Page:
Tuesday, March 26, 2013

Online Newspapers: Paywalls vs. Advertising

Here's the issue - for the most part, people accept advertising in media because it keeps other costs down.  But the more ads - or at least the more intrusive the advertising - the less valuable the media bundle, and the less people are willing to pay for access.  So push ad loads, and the media bundle becomes less valuable.  Conversely, install a pay wall or increase subscription costs, and you have fewer regular visitors, and your ad space become less valuable to advertisers.
  Online newspapers are starting to see real revenues from online advertising.  Still not enough to replace what the print version's lost - but frankly that's not coming back, as advertiser's have found better outlets.  And it's starting to look like paywalls for online newspapers may be viable for some - but at what cost of online advertising?  A recent presentation by Gordon Borrell of Borrell Associates looked at the issue.
  More than 450 U.S. online newspapers have adopted paywalls to date, up from 300 in 2012 and 10 in 2010.  On the other hand, 95% of local news websites remain free - TV and radio have largely rejected paywalls, as have local and hyperlocal alternative news sites.  When paywalls first go up, web traffic falls 20-40%, but if there is a free access provision, many users eventually return (if not as frequently).
  In the meantime, online advertising revenues are booming, and are now the biggest advertising segment,surpassing both newspapers and TV (which briefly supplanted newspapers).  However, online newspapers get less than a quarter of online local advertising revenues (23.6% in 2012).  Looking over time, though, that share is shrinking.
When it comes to the lean-forward medium of online, the mass-media news model doesn't work very well...
That's because local advertisers seek buyers in the online arena, not readers.
 In addition, eye-tracking research is showing that online readers have learned to tune out banner ads.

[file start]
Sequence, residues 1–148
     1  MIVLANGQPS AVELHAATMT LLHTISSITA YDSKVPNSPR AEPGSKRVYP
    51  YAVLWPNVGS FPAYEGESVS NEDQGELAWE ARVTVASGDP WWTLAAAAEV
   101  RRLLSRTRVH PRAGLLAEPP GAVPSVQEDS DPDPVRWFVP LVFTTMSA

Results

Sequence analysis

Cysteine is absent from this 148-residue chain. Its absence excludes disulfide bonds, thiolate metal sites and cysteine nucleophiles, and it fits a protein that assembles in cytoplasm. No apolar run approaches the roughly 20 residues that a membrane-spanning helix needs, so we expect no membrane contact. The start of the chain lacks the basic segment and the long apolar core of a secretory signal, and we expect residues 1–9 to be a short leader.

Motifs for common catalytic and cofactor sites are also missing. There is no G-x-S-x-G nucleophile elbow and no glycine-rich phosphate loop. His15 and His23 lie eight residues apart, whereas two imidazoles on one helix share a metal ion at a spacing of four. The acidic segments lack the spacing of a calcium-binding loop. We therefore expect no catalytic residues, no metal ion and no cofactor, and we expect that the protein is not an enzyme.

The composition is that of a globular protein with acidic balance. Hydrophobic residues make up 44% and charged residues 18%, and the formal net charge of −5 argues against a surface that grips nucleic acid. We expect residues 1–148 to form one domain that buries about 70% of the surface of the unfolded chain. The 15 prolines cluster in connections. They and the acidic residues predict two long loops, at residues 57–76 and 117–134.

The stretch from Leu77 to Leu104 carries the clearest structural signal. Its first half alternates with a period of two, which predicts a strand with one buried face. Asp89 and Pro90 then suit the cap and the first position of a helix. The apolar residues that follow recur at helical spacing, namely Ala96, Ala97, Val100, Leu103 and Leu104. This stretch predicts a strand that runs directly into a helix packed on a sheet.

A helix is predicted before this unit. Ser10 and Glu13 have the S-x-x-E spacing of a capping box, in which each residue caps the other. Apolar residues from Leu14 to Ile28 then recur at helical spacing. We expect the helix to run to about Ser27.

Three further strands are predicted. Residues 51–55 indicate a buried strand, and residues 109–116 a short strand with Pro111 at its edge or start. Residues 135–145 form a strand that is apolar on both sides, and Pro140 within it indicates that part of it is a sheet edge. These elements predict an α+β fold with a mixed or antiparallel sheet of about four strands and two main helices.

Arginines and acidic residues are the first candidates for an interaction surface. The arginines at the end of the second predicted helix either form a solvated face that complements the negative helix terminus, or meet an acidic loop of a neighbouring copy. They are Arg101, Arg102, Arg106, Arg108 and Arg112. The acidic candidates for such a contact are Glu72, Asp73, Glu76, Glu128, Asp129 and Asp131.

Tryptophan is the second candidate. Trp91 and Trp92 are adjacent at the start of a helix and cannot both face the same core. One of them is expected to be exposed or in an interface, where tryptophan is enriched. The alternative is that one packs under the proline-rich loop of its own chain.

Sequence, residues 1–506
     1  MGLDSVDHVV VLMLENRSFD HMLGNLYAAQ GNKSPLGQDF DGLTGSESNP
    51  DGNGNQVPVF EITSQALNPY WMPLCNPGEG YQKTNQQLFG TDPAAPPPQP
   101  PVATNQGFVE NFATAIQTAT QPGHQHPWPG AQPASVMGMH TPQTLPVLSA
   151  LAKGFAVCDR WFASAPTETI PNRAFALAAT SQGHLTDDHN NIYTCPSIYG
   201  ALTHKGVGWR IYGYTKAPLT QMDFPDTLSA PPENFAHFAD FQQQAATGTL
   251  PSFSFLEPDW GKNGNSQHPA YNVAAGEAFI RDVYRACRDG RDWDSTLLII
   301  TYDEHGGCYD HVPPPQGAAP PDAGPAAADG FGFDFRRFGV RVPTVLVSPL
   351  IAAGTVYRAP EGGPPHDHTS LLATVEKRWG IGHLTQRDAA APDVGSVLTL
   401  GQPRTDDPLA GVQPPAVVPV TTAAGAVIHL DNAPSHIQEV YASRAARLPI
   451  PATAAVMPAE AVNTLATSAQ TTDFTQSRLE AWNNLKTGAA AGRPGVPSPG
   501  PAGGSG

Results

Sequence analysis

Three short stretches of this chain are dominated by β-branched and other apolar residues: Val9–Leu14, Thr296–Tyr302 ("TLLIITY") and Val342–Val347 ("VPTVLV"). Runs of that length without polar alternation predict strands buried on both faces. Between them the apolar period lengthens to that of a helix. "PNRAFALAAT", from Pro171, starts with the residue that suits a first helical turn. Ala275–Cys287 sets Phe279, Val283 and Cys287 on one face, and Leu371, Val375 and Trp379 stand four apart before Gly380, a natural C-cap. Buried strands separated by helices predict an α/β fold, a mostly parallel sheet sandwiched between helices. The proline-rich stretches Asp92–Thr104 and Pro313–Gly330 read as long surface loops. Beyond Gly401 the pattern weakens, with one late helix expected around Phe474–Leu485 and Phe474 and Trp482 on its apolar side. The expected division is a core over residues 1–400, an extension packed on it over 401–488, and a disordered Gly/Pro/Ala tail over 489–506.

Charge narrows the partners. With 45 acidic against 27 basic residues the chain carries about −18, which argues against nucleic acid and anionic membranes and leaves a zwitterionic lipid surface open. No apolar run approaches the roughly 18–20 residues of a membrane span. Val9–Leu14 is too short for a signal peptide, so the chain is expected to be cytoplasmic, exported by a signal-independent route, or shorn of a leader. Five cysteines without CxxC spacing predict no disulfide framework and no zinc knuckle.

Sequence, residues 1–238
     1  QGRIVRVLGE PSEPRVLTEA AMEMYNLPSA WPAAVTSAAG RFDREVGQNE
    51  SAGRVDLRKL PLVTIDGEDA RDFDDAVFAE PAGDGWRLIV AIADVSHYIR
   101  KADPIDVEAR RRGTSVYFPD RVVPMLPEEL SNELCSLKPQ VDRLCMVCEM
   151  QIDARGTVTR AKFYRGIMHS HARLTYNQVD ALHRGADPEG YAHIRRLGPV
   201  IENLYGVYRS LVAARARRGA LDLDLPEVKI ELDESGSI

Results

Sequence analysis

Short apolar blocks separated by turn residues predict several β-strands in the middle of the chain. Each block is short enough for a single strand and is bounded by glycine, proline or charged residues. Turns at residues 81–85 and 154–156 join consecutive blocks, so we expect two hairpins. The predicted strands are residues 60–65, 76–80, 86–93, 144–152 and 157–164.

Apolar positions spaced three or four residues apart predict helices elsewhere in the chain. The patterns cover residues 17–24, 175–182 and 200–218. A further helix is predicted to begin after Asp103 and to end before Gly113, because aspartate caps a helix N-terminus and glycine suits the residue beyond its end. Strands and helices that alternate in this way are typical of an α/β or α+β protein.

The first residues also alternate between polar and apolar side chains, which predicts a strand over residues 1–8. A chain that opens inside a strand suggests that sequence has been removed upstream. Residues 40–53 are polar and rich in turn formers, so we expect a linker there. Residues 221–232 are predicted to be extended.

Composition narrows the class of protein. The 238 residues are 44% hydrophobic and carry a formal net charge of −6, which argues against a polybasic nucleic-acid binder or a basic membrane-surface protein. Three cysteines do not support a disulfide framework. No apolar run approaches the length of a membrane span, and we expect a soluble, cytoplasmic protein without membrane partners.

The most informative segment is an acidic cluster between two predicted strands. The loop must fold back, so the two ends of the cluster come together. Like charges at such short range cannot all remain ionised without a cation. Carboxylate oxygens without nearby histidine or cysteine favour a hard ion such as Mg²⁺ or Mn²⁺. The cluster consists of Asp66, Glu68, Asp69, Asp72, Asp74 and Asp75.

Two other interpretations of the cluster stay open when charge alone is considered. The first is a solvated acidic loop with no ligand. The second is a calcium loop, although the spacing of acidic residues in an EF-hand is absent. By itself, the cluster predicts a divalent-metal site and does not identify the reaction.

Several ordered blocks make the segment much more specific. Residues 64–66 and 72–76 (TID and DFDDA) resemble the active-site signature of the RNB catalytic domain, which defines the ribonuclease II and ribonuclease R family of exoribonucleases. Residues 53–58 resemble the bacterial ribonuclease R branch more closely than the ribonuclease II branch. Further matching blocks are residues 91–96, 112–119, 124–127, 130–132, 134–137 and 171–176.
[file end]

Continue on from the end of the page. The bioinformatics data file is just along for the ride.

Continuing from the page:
Thus, online newspaper advertising is looking less and less valuable to advertisers.

The good news for local news outlets is that people are interested.  Almost three quarters (72%) say they follow local news most of the time.  The bad news is that they've gotten used to getting it for free, so about three quarters of "news enthusiasts" indicate that they're unwilling to pay for local news.  And the number's higher among more casual local news users.  If you follow the numbers, that suggests online newspapers behind paywalls are unlikely to attract more than 15-20% of their market audiences - readership levels below what print editions are still getting.  That's not likely to be a big draw for advertisers.

Consider the NY Times Group revenue sources, plotted against their peak values.  Ad revenues peaked in 2000, showed early signs of decline before falling precipitously in 2007.  While the decline's slowed in the last few years, it dropped below 30% of peak levels in 2011.  On the other hand, subscription revenues have been slowly growing since 2005, so essentially it's peak is this now (or at least until it starts falling).  But the gain in subscription revenues hasn't kept pace with advertising loses, so total revenues have fallen. since 2007.

Thus, erecting paywalls is likely to further damage the ability of online newspaper sites to generate local online advertising revenues. So you might think that erecting paywalls is a bad idea.  But Gene Borrell argues that it isn't:
  • Ad revenue per print reader is ten times what it is for a unique visitor;
  • Low value and demand for online newspaper banner ads isn't likely to increase to match
  • Free online newspapers contribute to eroding print readership
  • Paywall subscriptions can be a good supplemental revenue source (not a replacement)
So put up a paywall and charge, but don't expect it to solve all of the newspaper industry's revenue problems.   The Internet's been a disruptive technology, but it's also an opportunity.  And just because it's disruptive doesn't necessarily mean that it's going to kill off the newspaper industry.  Borrell's good advice is to remember your core business and focus on it, and treat online as an opportunity to develop new products and revenue streams to supplement and complement it - rather than seeing it as a replacement.

Source - Will Newspaper Paywalls Kill Web Advertising?  Research presentation from Borrell Associates


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